I not only remember my first pattern, I still have them. I was taught hand sewing and embroidery and then dressmaking at school. I enjoyed it, but I didn't like the Dressmaking teacher!
I got my parents to buy me an Elna Lotus for my 16th birthday (1972), as it only weighed 14 pounds and folded up to carry. I wanted to be able to take it to school to use, as their machines were horrible. My dad took some persuading as both my mum and my elder sister had sewing machines and didn't use them.
I had it for 16 years before I traded it in for a Riccar Reliant which I had for a further 22 years, then traded that in 3 years ago for my Janome DC3050.
Anyway here are my first patterns. The halter neck tops could be made up from a yard of fabric, which you could pick up as a remnant then. I was sorry to see no-one sells remnants any more as they are all cut up for patchwork now. I used to make the maxi skirt up on a Friday night and wear it Saturday!
It was so simple, as you can see here, the skirt front and back and a waistband. Style patterns don't exist any more, but I have quite a few in my pattern drawer.
Somewhere in the loft are phots of me wearing one I had made on our school trip to Russia. We caused quite a stir with our Western fashions!
I made this blouse in a beautiful Viyella fabric, a brushed cotton print, with matching self covered buttons. I really wanted to make the waistcoat, but it never happened.
My sister helped me make the full length tiered skirt, as there was so much gathering to do. With a matching halter neck top it looked like a dress. I seem to remember a very unflattering photos of me wearing it - such a pity they are in the loft!
Once I finished school I switched to sewing dolls and soft toys. After my first divorce I tried to get back into dressmaking, but never liked anything I made, so my sewing dropped to taking up hems and sewing on buttons.
I started sewing again when I moved in with my present partner 7 years ago, and made myself a dressing gown, and haven't looked back since!
Like riding a bike, you never forget how!
My very first pattern that I made was a white long sleeve tailored blouse. I still remember it to this day (50 yrs. ago)
My first pattern was a Simplicity with a round neck, bust darts, bell sleeves, and a-line. I used an avocado green polished cotton fabric, center back zipper, and wide black rickrack around the sleeves and the hem. I was in 8th grade Home Ec and 13yrs old when I made this dress around 1965. I wore it in a fashion show. I had been making doll clothes before then by tracing around my dolls on newspaper for patterns. This was the first time that I has used a sewing machine. I learned hand embroidery and took Home Ec every year from 7th grade to 12th grade. I always skipped the cooking sessions as I hated to cook & bake. When I got to college, I took a tailoring course and since then, I have purchased books, VHS tapes, as well as DVDs to improve my sewing skills. Now, I'm learning to smock and have never stopped sewing.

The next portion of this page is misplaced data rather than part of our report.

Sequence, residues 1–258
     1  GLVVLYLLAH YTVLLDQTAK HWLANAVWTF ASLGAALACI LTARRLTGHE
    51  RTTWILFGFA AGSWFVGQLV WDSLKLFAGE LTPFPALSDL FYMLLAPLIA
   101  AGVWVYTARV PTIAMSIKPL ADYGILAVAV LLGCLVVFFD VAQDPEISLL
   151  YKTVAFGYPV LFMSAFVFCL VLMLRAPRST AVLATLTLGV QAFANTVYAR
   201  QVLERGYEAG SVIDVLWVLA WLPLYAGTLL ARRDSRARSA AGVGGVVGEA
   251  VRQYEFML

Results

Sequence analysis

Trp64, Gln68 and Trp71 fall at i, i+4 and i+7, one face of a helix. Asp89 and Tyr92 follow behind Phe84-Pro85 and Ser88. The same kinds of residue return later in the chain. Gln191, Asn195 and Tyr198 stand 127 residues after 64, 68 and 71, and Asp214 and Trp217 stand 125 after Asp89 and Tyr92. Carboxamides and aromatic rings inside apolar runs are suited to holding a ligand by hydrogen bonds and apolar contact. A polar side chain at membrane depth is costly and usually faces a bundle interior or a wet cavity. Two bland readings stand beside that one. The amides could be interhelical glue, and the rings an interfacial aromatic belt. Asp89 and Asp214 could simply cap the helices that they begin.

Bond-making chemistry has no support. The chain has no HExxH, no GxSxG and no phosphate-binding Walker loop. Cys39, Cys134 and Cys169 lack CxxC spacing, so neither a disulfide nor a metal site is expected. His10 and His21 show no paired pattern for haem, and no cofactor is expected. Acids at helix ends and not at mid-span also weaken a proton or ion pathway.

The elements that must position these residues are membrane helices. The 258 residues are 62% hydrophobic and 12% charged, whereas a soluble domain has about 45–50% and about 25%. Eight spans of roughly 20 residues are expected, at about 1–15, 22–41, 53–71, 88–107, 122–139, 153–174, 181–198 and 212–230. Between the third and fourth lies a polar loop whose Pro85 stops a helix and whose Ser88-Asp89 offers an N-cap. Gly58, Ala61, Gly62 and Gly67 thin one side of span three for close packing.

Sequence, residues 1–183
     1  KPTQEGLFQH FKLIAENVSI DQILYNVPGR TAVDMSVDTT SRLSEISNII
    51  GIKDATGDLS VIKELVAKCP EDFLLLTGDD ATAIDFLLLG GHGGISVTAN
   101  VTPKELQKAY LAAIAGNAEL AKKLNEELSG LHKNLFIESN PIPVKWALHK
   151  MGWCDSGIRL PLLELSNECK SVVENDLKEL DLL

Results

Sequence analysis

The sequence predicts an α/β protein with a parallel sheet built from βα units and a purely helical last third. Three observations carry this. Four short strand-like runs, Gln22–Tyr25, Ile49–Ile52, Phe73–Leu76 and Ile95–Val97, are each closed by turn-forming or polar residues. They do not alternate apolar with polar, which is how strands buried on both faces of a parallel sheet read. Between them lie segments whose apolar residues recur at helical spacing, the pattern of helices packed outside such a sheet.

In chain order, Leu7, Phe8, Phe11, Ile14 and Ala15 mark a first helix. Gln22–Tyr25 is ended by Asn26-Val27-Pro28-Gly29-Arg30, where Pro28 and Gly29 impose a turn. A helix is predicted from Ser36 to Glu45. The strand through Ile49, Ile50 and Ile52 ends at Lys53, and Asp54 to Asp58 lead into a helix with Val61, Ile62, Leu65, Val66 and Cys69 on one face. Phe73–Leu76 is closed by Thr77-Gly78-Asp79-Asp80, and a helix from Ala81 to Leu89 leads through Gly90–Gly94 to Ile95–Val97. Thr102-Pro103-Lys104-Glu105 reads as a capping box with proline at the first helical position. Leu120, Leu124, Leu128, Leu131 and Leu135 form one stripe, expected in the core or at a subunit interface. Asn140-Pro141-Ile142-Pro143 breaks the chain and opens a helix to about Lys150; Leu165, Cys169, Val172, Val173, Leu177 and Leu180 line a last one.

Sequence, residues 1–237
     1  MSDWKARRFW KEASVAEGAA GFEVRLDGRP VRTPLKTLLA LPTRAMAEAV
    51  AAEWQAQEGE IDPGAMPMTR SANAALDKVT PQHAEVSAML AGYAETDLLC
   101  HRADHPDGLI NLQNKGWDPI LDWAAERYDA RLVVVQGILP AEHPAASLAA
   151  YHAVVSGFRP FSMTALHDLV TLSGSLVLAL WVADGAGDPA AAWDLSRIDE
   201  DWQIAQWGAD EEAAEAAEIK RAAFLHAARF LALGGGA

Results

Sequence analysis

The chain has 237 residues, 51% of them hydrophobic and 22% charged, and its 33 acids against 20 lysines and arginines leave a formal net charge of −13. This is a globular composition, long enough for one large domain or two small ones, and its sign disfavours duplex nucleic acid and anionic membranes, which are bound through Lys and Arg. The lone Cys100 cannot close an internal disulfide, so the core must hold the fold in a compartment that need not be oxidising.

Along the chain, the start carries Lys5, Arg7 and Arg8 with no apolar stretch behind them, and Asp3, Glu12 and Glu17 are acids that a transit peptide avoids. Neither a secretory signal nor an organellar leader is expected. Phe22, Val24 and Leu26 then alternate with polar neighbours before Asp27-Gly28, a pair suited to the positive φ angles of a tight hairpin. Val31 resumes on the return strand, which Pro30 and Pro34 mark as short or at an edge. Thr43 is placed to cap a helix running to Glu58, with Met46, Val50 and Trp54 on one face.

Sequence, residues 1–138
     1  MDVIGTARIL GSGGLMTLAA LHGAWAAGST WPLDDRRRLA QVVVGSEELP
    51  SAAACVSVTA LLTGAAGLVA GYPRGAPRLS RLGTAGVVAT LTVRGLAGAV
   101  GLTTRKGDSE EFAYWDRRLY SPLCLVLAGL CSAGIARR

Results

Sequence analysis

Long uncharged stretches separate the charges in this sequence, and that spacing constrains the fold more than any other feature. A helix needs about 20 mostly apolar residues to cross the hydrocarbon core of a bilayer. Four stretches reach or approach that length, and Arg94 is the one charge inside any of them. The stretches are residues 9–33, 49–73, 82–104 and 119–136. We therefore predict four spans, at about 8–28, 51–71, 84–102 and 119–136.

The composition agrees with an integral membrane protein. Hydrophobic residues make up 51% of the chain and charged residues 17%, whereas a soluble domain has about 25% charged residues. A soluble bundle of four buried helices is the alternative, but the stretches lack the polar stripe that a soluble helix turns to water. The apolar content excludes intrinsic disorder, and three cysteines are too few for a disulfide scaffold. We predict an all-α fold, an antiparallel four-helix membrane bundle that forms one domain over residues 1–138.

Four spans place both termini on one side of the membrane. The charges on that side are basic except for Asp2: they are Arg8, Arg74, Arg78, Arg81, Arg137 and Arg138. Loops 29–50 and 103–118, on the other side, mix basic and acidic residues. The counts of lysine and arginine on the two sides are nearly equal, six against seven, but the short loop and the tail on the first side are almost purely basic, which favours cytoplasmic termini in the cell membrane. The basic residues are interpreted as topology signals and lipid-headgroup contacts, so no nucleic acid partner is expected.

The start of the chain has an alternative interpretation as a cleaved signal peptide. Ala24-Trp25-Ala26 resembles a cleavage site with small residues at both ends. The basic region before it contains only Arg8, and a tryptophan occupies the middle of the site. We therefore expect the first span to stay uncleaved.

You obviously have lots of experience to help others with then! It did occur to me that if everyone who joined "Beginners" was a beginner, there wouldn't be anyone to help them!
So are you still sewing? Or teaching it to another generation?
Since we are reviving a thread from before I was an active member of the community, why not. I hope I'm not speaking out of turn here.
I've never worked from proper patterns they don't exist for what I do and that's a good thing or I would be out a job :). My method of madness involves polyfilm, sharpies and a yardstick.dozens of dragon scales later I might be going mad. I should add that I knew absolutely nothing about making patterns before I started; completely self taught.
I will make a post about them soon* I am swamped with projects and the glass keeps filling up. I'm sure no one on here has any idea what that feels like. :)
I, too, still have my some of my original sewing patterns. I am much too lazy to dig them out of the bin to show you though. One I patterned I used often was what was referred to at that time "a shift". The dress part was gathered into a yoke front and back. You could add sleeves or go sleeveless. I must have made a dozen such dresses as we weren't allowed to wear pants to class. One dress, I remember particularly, was red with white pin dots. The patterns were much more simple and easier to use because there was just one size printed on the flimsy tissue paper, I saved these patterns because I thought I would have a girl in the family someday that might be interested in sewing. No such luck! My daughters in law certainly aren't. Now my kids can laugh at all the "stuff" Mom saved when I take the dirt nap!
Hi Mary Ellen
I believe you may find that 'vintage' patterns will be collectable! I just wish they had used good quality paper instead of tissue!
May you have many more years to enjoy sewing before you take that dirt nap!
We are talking sewing so there is no talking out of turn, anyway it's my fault as I only joined in January 2012, a year after Patricia's post, and it took me another 12 months to read it and reply!
Anyway I'm intrigued. I did go visit your page and see the cloak with dragon scales, but what's the glass that keeps filling up? Your projects are obviously very creative. Have you seen this costume here on SWN?
Just beautiful. My first pattern was nothing so complicated. I was in home ec class and made an a-line skirt from wide wale corderoy. I got an A and was so proud of myself. Tickles me to remember it...lol.